Maybe this is not news, but it’s news to me. The acquisition of FabSolve LLC by semiconductor yield management and manufacturing equipment provider KLA-Tencor Corp tipped me off. In an article about the aquisition is this:
“FabSolve’s geographical information systems (GIS) database structure as applied to integrated circuit (IC) design databases is used as a reference for accurately locating and classifying defects that otherwise might avoid classification using traditional methods,” [FabSolve President Paul] Proctor also said.
FabSolve is actually a development partner with a Vietnam-based GIS releated business.
So, what’s metrology? The science of measurement. (I have to look it up every time!)
by Adena Schutzberg on 06/29 at 06:30 AM |
GPS Business News (free subscription required) reports that TomTom is moving into the realm of virtual reality with a new patent, “Navigation device with camera-info”, the European patent number WO2006132522” (Dec 2006). The key idea:
By superimposing or combining navigation directions over a camera image, a user-friendly view is presented to the driver that allows easy and rapid interpretation.
Ludovic Privat notes that TomTom recently acquired Siemens VDO DCE (Development Centre Eindhoven) which has research interest in this area. But, he’s not optimistic we’ll see anything like this soon.
by Adena Schutzberg on 06/29 at 06:18 AM |
Since it’s easy to take online driving directions for granted, I wanted to briefly make you aware of a new feature we released today on Google Maps. Now when users get directions through Google Maps they can customize their route by dragging and dropping the route line over any preferred highways or roads. The directions instantaneously update, showing new time and mileage estimates as a user drags the route.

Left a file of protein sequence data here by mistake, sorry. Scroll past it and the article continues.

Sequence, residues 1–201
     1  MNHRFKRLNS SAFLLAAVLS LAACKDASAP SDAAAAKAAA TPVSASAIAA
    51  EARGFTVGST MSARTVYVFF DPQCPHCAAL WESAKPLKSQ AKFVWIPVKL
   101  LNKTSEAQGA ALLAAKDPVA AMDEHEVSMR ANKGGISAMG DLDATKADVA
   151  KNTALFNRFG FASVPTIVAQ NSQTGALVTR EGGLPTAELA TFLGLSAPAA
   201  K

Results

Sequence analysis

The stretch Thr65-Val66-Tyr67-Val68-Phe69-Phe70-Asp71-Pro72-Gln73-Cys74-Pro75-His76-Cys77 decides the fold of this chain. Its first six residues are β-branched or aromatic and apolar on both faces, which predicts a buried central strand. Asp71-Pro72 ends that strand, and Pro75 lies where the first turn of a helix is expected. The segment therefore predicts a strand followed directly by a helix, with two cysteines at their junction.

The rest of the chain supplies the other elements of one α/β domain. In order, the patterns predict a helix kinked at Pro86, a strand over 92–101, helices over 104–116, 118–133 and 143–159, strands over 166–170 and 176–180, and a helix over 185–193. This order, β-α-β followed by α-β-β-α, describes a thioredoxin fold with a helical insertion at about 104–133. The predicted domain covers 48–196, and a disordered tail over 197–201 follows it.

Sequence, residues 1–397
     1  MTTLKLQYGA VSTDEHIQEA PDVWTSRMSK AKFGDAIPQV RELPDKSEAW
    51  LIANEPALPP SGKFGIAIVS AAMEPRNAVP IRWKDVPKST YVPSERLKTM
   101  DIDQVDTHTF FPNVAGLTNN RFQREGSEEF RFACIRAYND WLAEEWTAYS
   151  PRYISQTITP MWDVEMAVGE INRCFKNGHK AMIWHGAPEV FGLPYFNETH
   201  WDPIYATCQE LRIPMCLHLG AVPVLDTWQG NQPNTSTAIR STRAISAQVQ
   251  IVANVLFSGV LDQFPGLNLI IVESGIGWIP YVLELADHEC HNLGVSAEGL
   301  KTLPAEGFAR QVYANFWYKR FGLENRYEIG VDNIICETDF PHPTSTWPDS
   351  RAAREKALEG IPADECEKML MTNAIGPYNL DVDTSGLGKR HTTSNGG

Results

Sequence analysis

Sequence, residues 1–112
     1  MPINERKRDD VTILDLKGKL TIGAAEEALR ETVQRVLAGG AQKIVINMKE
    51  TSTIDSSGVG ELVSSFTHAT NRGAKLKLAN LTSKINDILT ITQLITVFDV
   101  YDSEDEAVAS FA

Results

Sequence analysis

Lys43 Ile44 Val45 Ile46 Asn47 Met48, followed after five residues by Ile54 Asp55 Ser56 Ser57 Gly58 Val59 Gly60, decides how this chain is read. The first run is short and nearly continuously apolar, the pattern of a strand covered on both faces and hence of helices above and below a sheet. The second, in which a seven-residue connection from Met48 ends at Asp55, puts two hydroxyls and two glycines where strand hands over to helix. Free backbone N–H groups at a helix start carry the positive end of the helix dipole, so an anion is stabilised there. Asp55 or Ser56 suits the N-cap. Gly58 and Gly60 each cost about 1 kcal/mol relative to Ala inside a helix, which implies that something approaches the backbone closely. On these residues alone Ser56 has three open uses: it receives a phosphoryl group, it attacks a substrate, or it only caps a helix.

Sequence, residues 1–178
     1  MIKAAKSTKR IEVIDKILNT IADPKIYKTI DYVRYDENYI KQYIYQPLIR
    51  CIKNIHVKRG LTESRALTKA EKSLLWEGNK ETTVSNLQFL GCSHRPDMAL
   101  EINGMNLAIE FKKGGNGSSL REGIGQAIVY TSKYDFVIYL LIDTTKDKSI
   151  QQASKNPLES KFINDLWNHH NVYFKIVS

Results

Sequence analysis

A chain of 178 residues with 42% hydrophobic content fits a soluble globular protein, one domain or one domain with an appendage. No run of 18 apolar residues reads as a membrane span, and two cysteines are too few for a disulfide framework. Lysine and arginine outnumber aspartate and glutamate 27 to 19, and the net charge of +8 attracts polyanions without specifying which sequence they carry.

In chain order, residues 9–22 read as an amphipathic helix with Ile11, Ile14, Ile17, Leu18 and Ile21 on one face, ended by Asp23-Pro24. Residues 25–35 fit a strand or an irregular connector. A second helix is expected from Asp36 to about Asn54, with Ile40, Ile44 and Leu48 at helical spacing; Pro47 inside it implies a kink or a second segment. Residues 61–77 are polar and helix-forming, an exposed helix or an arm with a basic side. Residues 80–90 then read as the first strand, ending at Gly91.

For more information, please see today’s post on the Google Lat Long blog or check it out online.
Yes, this is very cool. I know I’ll use it to avoid those bumpy roads (documented in my head but not on Google) when I’m on my bike!
by Adena Schutzberg on 06/28 at 03:29 PM |
by Adena Schutzberg on 06/28 at 06:04 AM |
Jobs says that what Apple has done with maps on the iPhone will "blow away any Google Maps client." I’m sorry, the launch of the iPhone tomorrow rings hollow on its location technology to me. So, the iPhone is an "always-on" Wi-Fi enabled Web browser that can view Google Maps. You can search for POIs and display them on the iPhone. There is nothing impressive about that feature that another cell phone with Wi-Fi access doesn’t already have.
The only thing I can see that is somewhat innovative is the integration the iPhone has with its other features. That is, when you select a particular POI, let’s say a restaurant, and you touch the pin location on the map display, the user is able to see and then dial the phone number for that establishment. That’s cool, I’ll admit. The ability to view traffic maps is just a yawner. It’s just a feature of another website. Routing? Please don’t insult me. Where is the "live" link to my location? Show me my friends, my pets, my car and everyone and everything else in my network. Show them to me on the map as my "in-network" favs. The map features are basically static. It lacks the "wow" factor so common to Apple products and for a company that prides itself on catering to the gen X’ers, Y’s or whoever, the opportunity to establish the iPhone as the primo location-based social networking device was a huge miss. Even local search, the hottest thing going, is simply web-based look up on the iPhone. Without GPS, (or Wi-Fi triangulation) it’s simply just a web browser.
So, tomorrow the iPhone will be available in stores at 6:00 p.m. and people will be thronging to Apple’s retail outlets to pay the $500+. In my opinion, wait until Apple adds a GPS chip. Wait for the social networking feature to show the proximity of friends and family. I think they blew it this time around by leaving these features out. It could have launched as the "killer" PDA-cell phone-MP3 player as well as the most useful PND and social networking device on the market. To me, it misses by a "country mile." It will allow competitors to jump into the breach.
And for that price, I want my apple pie and eat it too.
by Joe Francica on 06/28 at 01:24 AM |